Thursday, October 20, 2011

There's a Hole in the Bucket

"Charming" and "quaint" translate to bizarre and
We live in an older house – by California standards.  It’s a quaint farmhouse.  The original portion was built in 1929 and it has been added to and revised several times since then, causing many oddities and idiosyncrasies which are alternately called “character” or “another drop into the money pit,” depending on functionality, aesthetics and mood.

My husband and I play two games with the house.  The first is called “In the Land of Infinite Funding.” This is where we fantasize about various improvements to the house, like correcting the switches so that the lights (or outlets) correspond to switches within the same room.   And then there’s changing up the bathroom so that one does not need to turn sideways to gain access to the toilet in the cubby.  The way “In the Land of Infinite Funding” ultimately ends, is that we realize, if we had infinite funding, we probably wouldn’t be living in this house.

The second game is similar, but usually starts out unintentionally and bears a striking resemblance to the folk tune, “There’s a Hole in the Bucket.”

After a pleasant day of working outside, my husband and I sit in the backyard, sipping wine and enjoying a moment of peace without the neighbor’s dog barking. 

“The grass looks good,” my husband says with a sigh.

“Yes, but it’s such a waste of water,” I say. “Gravel would be more efficient and cheaper in the long run.”

“Oh?” he replies with some hesitancy. 

Our dogs look at him.

“What about shade for the dogs?” he asks, refilling his glass.

“Oh, I’d put up a pergola with wisteria outside the dining room doors and then a covered porch out here,” I begin.

He looks behind us at the laundry shed.

“What would you do with the washer and dryer?” he asks.

“Weeell …”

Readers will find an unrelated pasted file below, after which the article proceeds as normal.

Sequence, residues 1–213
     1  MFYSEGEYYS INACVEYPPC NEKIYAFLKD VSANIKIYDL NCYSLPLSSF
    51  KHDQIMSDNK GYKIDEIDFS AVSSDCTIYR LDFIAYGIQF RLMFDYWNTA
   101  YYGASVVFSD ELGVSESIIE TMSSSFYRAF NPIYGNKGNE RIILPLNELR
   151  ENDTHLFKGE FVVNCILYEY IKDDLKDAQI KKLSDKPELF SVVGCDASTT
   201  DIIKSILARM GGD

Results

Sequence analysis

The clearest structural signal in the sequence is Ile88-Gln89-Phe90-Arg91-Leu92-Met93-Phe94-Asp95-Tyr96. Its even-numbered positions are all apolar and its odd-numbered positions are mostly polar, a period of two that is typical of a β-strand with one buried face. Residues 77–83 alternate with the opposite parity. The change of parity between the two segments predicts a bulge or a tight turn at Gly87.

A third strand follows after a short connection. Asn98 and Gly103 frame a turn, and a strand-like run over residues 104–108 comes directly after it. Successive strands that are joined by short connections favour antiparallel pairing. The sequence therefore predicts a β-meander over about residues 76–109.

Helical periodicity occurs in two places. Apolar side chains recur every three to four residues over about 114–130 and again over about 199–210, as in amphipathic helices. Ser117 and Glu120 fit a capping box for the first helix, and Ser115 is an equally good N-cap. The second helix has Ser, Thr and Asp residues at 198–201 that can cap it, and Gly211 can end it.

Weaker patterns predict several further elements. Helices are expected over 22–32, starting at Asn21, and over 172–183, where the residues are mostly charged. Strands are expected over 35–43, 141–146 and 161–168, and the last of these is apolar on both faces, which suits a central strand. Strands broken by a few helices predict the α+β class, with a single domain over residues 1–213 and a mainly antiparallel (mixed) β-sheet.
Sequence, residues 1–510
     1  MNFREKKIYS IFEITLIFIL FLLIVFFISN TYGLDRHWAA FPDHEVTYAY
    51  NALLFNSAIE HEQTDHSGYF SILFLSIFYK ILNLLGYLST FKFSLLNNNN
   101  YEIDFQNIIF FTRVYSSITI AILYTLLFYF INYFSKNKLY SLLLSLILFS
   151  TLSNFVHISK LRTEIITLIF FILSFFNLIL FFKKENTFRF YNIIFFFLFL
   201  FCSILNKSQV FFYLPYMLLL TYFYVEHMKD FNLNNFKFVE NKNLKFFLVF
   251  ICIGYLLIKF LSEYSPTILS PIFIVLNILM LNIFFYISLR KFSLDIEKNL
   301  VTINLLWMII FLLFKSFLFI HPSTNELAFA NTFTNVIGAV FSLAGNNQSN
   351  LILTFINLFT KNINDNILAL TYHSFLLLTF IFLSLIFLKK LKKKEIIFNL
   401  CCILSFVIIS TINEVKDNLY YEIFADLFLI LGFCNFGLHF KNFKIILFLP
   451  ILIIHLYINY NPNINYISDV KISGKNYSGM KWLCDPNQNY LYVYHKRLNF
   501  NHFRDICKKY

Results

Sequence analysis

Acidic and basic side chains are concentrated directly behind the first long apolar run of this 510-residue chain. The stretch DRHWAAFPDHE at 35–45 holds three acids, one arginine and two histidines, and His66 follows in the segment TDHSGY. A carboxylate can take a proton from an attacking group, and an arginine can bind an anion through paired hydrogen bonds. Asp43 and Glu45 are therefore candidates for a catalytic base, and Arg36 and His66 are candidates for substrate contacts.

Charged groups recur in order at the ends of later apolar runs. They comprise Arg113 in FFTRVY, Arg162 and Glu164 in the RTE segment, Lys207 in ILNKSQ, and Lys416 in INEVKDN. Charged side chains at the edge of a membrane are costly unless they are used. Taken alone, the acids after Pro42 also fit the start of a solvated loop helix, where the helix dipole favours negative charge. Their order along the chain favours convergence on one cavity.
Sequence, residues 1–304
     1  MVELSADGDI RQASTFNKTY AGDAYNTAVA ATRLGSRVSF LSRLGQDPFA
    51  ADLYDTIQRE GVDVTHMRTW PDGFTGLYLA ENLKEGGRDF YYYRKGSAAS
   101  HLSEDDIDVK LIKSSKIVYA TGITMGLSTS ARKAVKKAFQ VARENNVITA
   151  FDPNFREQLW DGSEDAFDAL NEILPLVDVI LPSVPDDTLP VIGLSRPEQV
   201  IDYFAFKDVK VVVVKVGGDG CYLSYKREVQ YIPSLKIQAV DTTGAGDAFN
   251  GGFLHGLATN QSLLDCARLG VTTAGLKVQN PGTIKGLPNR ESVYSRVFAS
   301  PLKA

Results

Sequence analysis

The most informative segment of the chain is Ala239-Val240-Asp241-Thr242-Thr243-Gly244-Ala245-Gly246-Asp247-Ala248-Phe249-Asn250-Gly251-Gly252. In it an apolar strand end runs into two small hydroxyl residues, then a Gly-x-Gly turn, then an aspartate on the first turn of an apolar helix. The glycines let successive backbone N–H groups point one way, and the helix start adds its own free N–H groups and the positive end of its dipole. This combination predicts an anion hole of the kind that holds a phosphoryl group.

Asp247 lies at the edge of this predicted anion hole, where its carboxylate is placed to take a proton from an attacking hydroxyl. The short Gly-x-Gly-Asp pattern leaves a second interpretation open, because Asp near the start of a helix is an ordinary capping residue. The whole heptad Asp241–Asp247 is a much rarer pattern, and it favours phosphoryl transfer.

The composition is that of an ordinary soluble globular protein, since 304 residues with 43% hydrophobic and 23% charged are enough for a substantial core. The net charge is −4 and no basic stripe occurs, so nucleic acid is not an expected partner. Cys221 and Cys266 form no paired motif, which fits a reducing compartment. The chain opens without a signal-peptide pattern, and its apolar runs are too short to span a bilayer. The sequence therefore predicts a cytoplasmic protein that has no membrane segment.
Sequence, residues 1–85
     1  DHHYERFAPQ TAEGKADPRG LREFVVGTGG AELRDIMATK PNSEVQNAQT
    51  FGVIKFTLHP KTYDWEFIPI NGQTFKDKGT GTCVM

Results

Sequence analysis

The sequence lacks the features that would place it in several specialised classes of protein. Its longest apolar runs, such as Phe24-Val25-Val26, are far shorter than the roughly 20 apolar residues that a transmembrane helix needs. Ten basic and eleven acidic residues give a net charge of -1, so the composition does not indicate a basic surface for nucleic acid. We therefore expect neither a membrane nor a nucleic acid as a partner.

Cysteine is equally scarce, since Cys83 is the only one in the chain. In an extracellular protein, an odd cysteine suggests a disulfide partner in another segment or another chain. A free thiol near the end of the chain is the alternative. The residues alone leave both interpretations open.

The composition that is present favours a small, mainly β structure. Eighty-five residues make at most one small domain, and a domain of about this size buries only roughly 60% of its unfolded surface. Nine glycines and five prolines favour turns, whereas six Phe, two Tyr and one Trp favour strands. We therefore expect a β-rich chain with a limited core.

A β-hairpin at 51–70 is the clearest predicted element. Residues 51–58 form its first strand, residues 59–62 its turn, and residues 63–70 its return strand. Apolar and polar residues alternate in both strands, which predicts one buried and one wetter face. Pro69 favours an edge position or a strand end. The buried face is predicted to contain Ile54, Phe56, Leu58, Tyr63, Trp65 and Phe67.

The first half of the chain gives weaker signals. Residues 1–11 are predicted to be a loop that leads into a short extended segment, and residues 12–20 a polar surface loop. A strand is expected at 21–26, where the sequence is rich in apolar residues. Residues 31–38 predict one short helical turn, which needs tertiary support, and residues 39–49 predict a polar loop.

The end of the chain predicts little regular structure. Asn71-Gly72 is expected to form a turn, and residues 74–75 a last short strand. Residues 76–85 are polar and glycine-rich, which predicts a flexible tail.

The dogs sigh and put their heads on their feet.  I’m off and running.

“If we flip the stairs so that they start in the kitchen, then we could convert that long hallway to a utility room,” I say.

“But then, what would you do with the fridge and hot water heater that are where the stairs will be?” he says.

“You know,” I draw a breath.  “Those instant water heaters take up much less space and they save money because they only heat water while it’s in use.  Of course, we’d need to get rid of the asbestos first.”

“Asbestos?” He looks worried and pours more wine.

“Yeah, remember, the guy told us about it?” I remind him. “But it’s fine as long as you don’t disturb it, which we’d be doing if we moved and got rid of the current water heater - -“

“To replace it with the instant heater that will save us money,” he finishes for me.

“YES!” By George, I think he’s got it!
Airing our dirty laundry in public ... sort of.

“And the fridge?” he asks. “Where will that go?”

“We’d have to move it to the other wall, where the pantry is,” I say.

“The pantry.”

“Yes, it’s a poorly designed kitchen anyways,” I explain. “We should just redo it.  Then we could put in a gas stove.  They’re more efficient.”

“It’ll save us more money,” my husband says with a shrug and refilling his glass.

“Of course,” I agree and nod to another glass. “But we’d have to put in a gas line.”

“Of course,” my husband says.  “Maybe I could get a gas fireplace in the living room.”

“And, since they have to crawl under the house for the line, they might as well level the floor,” I shrug.  “Then we can redo the bathroom, because that needs to be done.  No one would buy the house as it is.”

“So, a new kitchen AND a new bathroom,” my husband sums up.

“Well, yeah, that’s what makes a house saleable,” I say.

He nods.  “If we’re talking re-sale, don’t most people like lawns?”

I look at him and blink a couple times.  “But grass is such a waste of water.”

My husband sighs and stands. “I think I’ll go open another bottle of wine.”

 Perhaps rum would be better and this time, let’s discuss it in a Calypso rhythm.

1 comment:

  1. When my neighbors and I get together our conversations revolve around this theme of our older homes - you love or you hate. A better way to put that would be you love AND you hate - all in one sentence! Nice post!


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